How to Write Stories that Sell
Your step-by-step guide to writing nonfiction and fiction stories
that sell your ideas
“Let me tell you a story.” That’s how the late Steve Jobs often started his presentations. He understood the power of story and used that promise to grab attention—even before he told the first story!
You know the power of stories too. Remember how you loved stories all those years ago when you gathered round a campfire or sat cross-legged during story hour at the library? You were spellbound. Stories have that power over us—then and now. That’s what makes them such a powerful tool for engaging your readers at work. Too often nonfiction writers miss out on this valuable way to grab attention and make information more memorable. Besides, as I often say, why should fiction writers have all the fun?
STORIES VERSUS INFORMATION
I think the reason writers don’t take advantage of the power of stories is they think storytelling is too difficult. Telling stories well is only something Uncle Bernie can do after dinner—or a few cocktails. But I’m going to show you how easy—and fun—storytelling is.
Another issue: People cling to the idea that only a formal style can make them sound “professional.” They prefer a straightforward prose, perhaps because they’re more familiar with that style. But ask yourself this question: Does that approach grab their readers? It may be their preferred style, but their task as writers is not only to express themselves—but to also engage their readers. And today’s readers, especially those weaned on “Sesame Street” and “SpongeBob SquarePants” aren’t excited about reading dry materials, no matter how “professional.”
When I get the opportunity to talk further with some of these writers, they admit that they aren’t comfortable with the idea of writing stories. Ah, now we’re getting somewhere. That’s a valid reason, and that’s what this book is all about. It will help you relax and feel confident as you develop your storytelling skills so you can get the results you want from all your writing projects.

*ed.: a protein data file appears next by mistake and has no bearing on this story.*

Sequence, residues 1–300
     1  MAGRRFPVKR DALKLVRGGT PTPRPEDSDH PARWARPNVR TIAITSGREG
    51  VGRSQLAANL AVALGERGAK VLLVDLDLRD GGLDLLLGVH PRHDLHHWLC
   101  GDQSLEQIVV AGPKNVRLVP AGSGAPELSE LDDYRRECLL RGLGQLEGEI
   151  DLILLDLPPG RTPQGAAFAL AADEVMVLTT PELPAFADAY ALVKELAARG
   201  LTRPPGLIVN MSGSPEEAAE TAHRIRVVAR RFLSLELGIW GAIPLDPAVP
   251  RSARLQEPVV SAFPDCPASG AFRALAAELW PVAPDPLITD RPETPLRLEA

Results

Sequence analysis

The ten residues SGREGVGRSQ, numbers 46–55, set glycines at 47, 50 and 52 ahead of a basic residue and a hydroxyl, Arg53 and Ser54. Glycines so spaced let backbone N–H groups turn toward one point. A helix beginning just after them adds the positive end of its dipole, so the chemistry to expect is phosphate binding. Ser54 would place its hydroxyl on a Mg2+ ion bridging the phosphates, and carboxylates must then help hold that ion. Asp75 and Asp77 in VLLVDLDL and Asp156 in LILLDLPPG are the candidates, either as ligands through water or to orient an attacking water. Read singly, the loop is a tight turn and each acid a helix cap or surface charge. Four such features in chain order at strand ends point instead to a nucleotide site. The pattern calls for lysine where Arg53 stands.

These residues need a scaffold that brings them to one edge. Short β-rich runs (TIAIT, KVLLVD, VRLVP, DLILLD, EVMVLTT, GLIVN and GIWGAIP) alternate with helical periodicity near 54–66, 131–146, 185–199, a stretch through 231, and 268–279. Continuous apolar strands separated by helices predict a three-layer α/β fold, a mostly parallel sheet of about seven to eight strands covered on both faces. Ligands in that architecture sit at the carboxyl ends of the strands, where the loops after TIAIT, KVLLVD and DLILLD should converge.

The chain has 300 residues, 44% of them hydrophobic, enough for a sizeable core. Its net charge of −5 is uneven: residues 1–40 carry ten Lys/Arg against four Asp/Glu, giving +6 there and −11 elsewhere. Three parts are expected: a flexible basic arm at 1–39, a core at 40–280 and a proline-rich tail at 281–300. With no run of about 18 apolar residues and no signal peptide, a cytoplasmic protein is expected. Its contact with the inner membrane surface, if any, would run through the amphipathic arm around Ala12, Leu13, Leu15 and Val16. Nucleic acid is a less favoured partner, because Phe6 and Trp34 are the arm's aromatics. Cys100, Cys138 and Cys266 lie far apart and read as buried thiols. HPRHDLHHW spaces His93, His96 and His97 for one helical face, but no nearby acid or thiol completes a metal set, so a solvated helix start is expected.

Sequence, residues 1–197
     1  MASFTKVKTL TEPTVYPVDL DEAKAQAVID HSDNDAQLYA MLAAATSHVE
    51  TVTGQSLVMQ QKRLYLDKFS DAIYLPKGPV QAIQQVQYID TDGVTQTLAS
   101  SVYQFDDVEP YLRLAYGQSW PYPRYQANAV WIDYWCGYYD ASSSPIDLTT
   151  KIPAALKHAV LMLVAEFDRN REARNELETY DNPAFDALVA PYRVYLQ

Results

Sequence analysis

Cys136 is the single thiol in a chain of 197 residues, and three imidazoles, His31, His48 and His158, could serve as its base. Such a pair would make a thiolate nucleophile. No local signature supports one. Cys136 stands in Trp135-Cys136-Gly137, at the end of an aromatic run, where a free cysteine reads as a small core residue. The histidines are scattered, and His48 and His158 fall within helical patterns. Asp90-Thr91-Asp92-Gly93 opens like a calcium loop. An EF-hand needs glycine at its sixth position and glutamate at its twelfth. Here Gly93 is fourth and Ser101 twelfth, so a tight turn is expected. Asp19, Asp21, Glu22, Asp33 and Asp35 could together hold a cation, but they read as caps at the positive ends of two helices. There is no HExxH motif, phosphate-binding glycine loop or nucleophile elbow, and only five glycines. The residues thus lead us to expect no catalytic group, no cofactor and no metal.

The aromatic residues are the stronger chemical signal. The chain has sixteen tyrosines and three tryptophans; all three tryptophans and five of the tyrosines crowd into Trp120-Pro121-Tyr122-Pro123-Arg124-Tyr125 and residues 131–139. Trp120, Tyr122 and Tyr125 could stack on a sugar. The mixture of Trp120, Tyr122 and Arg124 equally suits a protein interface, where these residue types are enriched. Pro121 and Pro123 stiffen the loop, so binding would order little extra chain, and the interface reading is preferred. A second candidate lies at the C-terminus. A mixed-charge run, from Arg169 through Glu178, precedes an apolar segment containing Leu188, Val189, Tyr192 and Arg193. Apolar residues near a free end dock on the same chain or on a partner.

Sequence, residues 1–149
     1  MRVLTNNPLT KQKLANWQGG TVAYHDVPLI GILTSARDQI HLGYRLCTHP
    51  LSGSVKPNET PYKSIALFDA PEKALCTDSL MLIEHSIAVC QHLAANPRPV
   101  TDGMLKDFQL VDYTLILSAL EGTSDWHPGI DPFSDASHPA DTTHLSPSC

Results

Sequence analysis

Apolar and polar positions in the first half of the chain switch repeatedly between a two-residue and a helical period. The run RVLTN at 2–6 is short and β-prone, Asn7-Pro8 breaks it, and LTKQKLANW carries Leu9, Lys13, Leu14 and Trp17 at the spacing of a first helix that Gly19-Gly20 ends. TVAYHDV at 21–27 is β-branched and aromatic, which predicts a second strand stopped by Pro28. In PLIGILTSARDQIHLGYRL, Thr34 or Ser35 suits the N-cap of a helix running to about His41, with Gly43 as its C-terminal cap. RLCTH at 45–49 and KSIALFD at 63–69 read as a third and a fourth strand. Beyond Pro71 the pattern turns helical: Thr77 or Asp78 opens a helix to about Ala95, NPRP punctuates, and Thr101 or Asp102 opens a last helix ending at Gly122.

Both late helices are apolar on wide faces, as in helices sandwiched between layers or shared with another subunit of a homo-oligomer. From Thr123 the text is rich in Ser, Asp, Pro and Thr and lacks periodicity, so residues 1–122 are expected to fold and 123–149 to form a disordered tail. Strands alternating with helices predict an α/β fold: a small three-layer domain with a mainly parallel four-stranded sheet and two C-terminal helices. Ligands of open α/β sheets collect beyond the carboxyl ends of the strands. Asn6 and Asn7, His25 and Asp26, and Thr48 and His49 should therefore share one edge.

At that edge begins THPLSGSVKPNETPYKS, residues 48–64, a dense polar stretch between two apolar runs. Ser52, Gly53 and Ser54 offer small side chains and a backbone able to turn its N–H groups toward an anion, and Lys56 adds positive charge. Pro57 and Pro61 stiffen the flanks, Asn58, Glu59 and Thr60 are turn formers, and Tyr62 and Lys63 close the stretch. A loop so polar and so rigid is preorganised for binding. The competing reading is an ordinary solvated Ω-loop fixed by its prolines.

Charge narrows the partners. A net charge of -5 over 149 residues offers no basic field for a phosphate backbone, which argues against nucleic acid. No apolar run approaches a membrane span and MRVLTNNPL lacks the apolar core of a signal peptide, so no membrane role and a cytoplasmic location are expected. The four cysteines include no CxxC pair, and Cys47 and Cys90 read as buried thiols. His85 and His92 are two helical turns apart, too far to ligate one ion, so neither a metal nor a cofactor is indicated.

The bottom line: The days of dry corporate-speak, legalese, and overly academic prose are behind us, primarily because a “just the facts ma’am” approach presented in pages of dense text won’t grab the attention of today’s busy readers. Most of us suffer from a chronic condition called TMI—too much information—and stories offer a much-needed antidote. Not only do stories provide valuable facts, but they can also:
Illuminate and illustrate ideas and facts, systems and methods.
Apply information—taking it from the general to the specific.
Guide your readers to an exciting conclusion that compels them to take action.
When you finish How to Write Stories that Sell, you’ll know how to:
Hook your readers with stories
Tell stories that lead to the results you want
Activate memories and trigger emotions—where we buy and buy in
Choose stories that engage the head and the heart
Tell stories in stages for greater impact
Create a story inventory to capture your stories
Use other story-like approaches
Make your writing unique
Okay, let’s get started! The sooner you start writing and telling stories, the sooner you’ll start enjoying the results they can deliver.
Chapter 1: A Little Backstory
Ever since Zog and Grog sat around the first campfire eons ago, we’ve been telling stories. Later, troubadours and griots captured information and share it through stories. The oral storytelling tradition is much older than the written word—it’s only recently that we’ve written our stories, let alone tweeted them!
Once we began writing stories, the process got a little more challenging. The written word doesn’t enjoy the drama of a raconteur—no hand gestures, no eye contact, no facial expressions, and perhaps even more important, no tone of voice. That’s why the written word can be so problematic—sometimes a dry remark or joke doesn’t translate well into writing. The results can lead to wrong impressions and hurt feelings—none of which was intended! So keep this in mind when writing your stories. The written word needs some massaging to get your point across the way you intended.